Man’s story of loneliness spurs compassionate calls to action
DYING man’s expression of loneliness and his call to action for others like him appear to have already had an impact beyond his own story. Saturday’s column about Cheppudira Gopalkrishna, the terminally ill 87-year-old former biology and chemistry teacher, inspired several readers to respond, including one who answered a question I raised about how we can help. Pauline Johnson pointed my way and yours to a registered charitable organization called Palliative Manitoba and a link to their website.
“If you are becoming interested in spending time with those nearing the end of their lives, you may want to consider taking this course,” she wrote. “It is a wonderful, profound experience.”
The “compassionate care course” is offered over eight weeks, on Wednesday evenings, in the spring and fall.
“It originated solely as a training course for Palliative Care Manitoba volunteers,” the website says, “but in 1990 began being used as a training vehicle by other organizations.
“It is also open to the general population as a selfinterest course when space is available.”
The organization’s volunteer visiting services have been around for 30 years and at the top of its list of stated goals is to “help lessen the feelings of loneliness.”
As a volunteer, it’s a four-hour, once-a-week companionship commitment to be there to help, by listening to both the person and the family.
It could be in a home, hospice or in palliative care units like the ones at Riverview Health Centre or St. Boniface Hospital. But being involved can go beyond just sitting beside someone. You might be assisting with shopping and running errands to give regular caregivers a break, or maybe helping write cards and recording life stories.
That sounds like something I might be able to do. How about you?
Johnson added something else to her helpful lead on Palliative Manitoba.
“Also, we can always use more volunteers at Jocelyn House.”
Now you know.
You should also know that those kinds of volunteer services are also available at Misericordia Health Centre, where Cheppudira Gopalkrishna currently resides, which suggests that loneliness doesn’t necessarily mean one is alone; that there aren’t companions
Aat the beside.
Anyway, another reader responded to the column with more helpful information.
And not just helpful for people.
Jean A. Paterson wrote that Nov. 5 has been designated as a day to reach out to seniors. I couldn’t find that on any website. No matter, it’s a good idea for any day of the year, and with that in mind, Paterson said there is an organization in Nova Scotia called Elder Dog that sends volunteers to help seniors who can’t walk their dogs anymore. “The goal is to put together people who enjoy dogwalking with seniors unable to walk their dogs,” Paterson wrote. “The group also tries to find trustworthy foster homes for pets when a senior is temporarily in hospital, or if a senior has to give up a pet. The pet itself may be elderly.”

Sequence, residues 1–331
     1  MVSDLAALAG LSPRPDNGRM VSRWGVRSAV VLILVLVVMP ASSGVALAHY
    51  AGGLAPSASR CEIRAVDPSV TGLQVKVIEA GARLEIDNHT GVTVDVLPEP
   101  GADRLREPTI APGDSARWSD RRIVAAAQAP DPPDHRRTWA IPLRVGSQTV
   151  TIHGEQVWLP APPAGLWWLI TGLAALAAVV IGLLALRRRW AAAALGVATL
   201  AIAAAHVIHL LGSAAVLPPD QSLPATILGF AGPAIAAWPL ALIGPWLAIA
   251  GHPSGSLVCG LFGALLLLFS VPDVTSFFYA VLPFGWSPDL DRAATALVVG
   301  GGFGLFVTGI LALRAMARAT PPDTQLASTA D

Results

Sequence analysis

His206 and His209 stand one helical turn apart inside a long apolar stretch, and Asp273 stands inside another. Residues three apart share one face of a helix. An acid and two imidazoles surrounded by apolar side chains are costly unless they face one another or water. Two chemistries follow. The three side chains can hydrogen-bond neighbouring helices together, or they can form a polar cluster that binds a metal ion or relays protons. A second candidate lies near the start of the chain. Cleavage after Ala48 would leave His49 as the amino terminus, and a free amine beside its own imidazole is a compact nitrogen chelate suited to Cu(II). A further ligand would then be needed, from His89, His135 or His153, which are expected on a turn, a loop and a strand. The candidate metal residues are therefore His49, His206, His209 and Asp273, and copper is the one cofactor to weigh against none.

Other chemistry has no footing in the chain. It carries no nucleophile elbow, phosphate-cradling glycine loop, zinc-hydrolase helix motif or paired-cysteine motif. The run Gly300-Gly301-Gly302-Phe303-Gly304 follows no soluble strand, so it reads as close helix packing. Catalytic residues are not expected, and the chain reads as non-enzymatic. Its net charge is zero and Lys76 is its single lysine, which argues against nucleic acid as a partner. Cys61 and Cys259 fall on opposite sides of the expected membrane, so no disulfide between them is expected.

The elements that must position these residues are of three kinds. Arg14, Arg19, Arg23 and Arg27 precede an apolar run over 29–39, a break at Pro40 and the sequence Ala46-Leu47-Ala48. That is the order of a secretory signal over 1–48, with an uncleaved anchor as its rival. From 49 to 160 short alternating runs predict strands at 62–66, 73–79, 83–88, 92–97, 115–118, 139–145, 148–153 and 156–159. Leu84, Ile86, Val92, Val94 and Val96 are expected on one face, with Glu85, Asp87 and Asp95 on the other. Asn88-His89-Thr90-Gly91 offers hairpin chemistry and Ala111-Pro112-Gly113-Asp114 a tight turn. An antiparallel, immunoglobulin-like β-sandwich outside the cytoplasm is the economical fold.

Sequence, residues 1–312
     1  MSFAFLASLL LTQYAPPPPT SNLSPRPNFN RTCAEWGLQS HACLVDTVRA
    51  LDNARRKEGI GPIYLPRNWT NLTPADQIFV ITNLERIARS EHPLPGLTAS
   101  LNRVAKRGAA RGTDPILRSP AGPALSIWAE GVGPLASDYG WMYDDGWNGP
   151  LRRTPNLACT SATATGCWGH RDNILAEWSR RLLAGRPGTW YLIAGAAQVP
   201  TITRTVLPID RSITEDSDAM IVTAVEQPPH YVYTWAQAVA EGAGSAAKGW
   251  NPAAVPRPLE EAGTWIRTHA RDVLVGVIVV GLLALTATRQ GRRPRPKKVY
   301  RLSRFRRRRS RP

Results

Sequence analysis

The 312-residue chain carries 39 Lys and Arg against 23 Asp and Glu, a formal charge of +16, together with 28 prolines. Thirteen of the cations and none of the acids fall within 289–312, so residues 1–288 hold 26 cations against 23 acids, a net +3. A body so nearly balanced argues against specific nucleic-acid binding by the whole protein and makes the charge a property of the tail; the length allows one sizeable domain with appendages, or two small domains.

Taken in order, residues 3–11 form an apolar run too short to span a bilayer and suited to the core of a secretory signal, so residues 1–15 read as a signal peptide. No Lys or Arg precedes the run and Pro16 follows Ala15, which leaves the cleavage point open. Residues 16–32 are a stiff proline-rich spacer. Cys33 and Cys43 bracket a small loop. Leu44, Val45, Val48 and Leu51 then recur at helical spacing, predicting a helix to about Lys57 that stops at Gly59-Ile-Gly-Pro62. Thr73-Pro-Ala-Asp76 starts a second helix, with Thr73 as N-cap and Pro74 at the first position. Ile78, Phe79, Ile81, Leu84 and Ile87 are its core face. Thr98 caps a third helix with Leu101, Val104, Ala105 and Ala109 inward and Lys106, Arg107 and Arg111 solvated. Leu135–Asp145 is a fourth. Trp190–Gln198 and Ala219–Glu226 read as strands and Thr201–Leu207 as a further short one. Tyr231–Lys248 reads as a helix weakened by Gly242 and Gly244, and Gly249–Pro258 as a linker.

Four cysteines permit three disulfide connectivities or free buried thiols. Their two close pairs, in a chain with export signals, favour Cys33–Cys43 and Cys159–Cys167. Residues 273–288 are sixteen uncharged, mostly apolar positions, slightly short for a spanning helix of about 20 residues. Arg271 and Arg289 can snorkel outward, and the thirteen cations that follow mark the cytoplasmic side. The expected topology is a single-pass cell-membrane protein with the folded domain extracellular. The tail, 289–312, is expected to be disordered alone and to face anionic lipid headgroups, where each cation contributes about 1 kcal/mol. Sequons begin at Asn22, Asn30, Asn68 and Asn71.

So I checked with the Winnipeg Humane Society to see if we have an Elder Dog program here, or anything like it.
“It’s a great idea for a program to benefit seniors with pets,” the humane society’s Kyle Jahns responded. “However, we do not have Elder Dog or any similar program available in Manitoba.”
That sounds like a project the humane society or some other group should get going on.
Meanwhile, there’s something else that I should have mentioned about another Palliative Manitoba program: bereavement services, including for children whose parents have died.
That reminded me of parents who have lost children, and one set of parents and one child in particular. Earlier this month I chanced to run into Linden Woods neighbour Cindy Smith.
Eight years ago I wrote about Cindy and Doug Smith’s eight-year-old son Brandon, who had been born with a rare inherited neurological disorder with no known cure. On Nov. 1, 2008, Brandon died at home, in his mother’s arms.
And then last year, on Nov. 1, Cindy came up with an idea to celebrate Brandon’s memory in a way that went beyond family and friends.
“We spread a few random acts of kindness that day.” They bought coffee for strangers at Tim Hortons and Starbucks. They also purchased a plant from a florist and handed it to a person walking her dog on Waverley Street.
And this year, on Wednesday, friends of the family have asked if they can help Cindy, Doug and their now-18-year-old daughter Hayley pay it forward again. Except this year, Cindy decided to call what they’re doing “Brandon Acts of Kindness.”
Sounds like something we could all do that day in Brandon’s memory.
Or on any other day for someone whose life and spirit you want to celebrate.
The Smith family will take part in ‘Brandon Acts of Kindness’ in memory of Brandon, seen here in 2009.